Anil Kumble’s decision to step down as the Indian cricket team’s coach after a rift with captain Virat Kohli has raised a tricky situation about the superstar culture in Indian cricket. It’s easy to pin the blame on Kohli’s ego, for rejecting a candidate approved by the legends of the game — Sachin Tendulkar, Sourav Ganguly and V.V.S. Laxman were the men who picked Kumble and renewed his contract, but the situation isn’t quite as simple as that. What does one do when the relationship between two strong personalities turns prickly and untenable? A coach can afford to not get along with a few players in the team as it is his job to show them the mirror, but the trust factor between him and the captain is non-negotiable. When that breaks, one must step down, and barring extraordinary circumstances, it is the coach who has to go.
The Indian cricket board has to take a large share of the blame for the mess. When it was decided by the cricket committee to replace Ravi Shastri, much-liked in the team, with Kumble, the potential for such a conflict had already come into play. They might not have anticipated the extent of conflict, but they shouldn’t have been caught so unawares. There are systems in place — the team-manager files a report after every series, and they are supposed to be in constant communication with the captain and the coach. Yet, the board has let the situation fester to the extent that an amicable solution wasn’t possible anymore.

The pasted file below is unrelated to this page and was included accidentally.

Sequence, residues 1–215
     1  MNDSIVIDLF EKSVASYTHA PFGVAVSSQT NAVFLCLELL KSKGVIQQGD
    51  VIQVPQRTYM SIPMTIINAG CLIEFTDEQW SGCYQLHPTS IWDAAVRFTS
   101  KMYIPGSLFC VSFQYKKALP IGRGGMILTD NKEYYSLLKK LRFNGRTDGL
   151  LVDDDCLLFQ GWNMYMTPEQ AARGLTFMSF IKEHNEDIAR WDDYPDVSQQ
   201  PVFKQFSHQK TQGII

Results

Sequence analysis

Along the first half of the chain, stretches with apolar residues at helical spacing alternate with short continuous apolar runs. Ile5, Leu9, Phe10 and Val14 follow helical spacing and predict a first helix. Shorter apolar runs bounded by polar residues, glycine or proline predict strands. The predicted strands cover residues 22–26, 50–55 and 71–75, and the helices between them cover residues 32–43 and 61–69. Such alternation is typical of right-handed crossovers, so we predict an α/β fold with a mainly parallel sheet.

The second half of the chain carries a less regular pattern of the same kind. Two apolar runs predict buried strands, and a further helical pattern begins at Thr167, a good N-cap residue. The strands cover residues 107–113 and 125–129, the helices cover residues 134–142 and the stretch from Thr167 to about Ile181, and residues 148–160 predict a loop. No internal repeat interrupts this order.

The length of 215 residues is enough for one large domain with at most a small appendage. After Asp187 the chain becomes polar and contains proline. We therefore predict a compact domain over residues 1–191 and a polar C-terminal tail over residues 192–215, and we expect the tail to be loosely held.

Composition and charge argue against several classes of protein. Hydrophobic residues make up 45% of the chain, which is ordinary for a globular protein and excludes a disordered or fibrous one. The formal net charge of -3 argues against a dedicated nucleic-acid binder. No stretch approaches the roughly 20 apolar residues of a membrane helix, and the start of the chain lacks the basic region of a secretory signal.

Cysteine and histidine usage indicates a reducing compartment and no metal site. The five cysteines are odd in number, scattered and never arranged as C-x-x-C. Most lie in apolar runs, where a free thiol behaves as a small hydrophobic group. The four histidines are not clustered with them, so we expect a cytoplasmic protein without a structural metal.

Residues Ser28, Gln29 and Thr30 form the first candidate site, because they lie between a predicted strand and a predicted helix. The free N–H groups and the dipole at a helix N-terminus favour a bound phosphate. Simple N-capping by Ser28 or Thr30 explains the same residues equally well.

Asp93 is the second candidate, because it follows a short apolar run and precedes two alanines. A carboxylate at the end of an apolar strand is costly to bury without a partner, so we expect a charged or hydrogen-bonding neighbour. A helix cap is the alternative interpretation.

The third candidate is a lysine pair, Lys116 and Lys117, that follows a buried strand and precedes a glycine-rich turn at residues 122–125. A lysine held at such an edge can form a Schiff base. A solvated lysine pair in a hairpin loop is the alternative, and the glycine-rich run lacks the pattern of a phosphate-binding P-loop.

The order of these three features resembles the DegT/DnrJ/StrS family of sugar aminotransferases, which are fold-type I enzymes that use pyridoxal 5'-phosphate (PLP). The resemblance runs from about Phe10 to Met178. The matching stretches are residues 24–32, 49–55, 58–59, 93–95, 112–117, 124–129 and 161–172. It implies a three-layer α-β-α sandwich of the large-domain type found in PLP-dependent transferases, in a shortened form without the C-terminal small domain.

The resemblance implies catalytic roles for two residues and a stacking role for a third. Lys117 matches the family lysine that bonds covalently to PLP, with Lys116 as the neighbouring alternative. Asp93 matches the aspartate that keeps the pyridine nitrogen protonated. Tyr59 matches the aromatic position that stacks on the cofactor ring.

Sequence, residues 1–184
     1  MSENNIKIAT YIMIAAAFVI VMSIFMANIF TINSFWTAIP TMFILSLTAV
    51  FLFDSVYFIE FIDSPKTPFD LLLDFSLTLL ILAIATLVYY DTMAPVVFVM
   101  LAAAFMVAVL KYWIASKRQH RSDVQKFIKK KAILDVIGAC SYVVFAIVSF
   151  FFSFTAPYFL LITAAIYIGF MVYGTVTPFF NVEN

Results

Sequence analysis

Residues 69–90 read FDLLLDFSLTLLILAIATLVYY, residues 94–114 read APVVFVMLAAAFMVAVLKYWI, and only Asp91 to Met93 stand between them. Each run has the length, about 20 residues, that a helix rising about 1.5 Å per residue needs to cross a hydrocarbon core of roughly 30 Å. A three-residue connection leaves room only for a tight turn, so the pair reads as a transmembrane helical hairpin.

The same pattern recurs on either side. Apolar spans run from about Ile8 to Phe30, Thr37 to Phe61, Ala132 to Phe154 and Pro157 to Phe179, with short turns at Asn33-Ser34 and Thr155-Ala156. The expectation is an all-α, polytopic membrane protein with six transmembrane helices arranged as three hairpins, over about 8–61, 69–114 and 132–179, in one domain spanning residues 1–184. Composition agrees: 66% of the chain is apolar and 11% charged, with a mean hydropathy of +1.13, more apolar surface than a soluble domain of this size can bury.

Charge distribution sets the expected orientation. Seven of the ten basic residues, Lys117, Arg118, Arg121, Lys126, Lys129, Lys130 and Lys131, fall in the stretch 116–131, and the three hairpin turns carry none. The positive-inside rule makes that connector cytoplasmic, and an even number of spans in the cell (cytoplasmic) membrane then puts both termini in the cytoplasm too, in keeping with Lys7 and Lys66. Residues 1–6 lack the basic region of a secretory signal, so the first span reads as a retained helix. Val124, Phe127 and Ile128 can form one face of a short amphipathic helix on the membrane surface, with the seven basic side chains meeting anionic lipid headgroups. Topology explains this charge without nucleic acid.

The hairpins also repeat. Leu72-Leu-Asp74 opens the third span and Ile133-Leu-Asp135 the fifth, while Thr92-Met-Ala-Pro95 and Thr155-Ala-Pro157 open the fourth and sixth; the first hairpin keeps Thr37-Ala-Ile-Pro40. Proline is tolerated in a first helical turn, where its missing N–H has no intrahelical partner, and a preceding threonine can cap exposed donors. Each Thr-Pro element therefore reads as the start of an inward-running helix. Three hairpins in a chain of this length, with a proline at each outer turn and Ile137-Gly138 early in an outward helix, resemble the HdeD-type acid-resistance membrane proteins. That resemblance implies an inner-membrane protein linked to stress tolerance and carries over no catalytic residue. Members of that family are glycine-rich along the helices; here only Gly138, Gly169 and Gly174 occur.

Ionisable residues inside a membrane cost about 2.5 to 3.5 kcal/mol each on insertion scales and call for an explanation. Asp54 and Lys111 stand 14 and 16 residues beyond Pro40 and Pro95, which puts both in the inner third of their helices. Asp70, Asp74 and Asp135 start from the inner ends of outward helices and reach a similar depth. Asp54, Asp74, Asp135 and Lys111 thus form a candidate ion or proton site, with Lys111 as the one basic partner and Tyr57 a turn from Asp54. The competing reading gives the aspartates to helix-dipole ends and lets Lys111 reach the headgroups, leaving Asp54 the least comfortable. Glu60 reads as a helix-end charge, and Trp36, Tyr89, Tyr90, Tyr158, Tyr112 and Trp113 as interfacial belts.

Though it has been seen as a Kohli vs Kumble issue, and to a large extent it is, it’s not as if all the other players were happy with Kumble’s style of functioning. Murmurs of dissent and dissatisfaction have been doing the rounds, but Kohli must know that he will find himself under greater scrutiny now. He cannot afford to get himself into another prickly situation with the new coach. One such episode can be understood but a repeat would suggest a pattern. More importantly, it isn’t good for the team. When the players see their captain disregarding authority, it can set a dangerous example. The Kumble saga also places immense pressure on the new coach: Can he stray from the lines drawn by the captain? In the circumstances, the Indian board should resist the temptation to appoint a yes-man to appease the captain. That would be a wrong move that could potentially derail the success story of Indian cricket.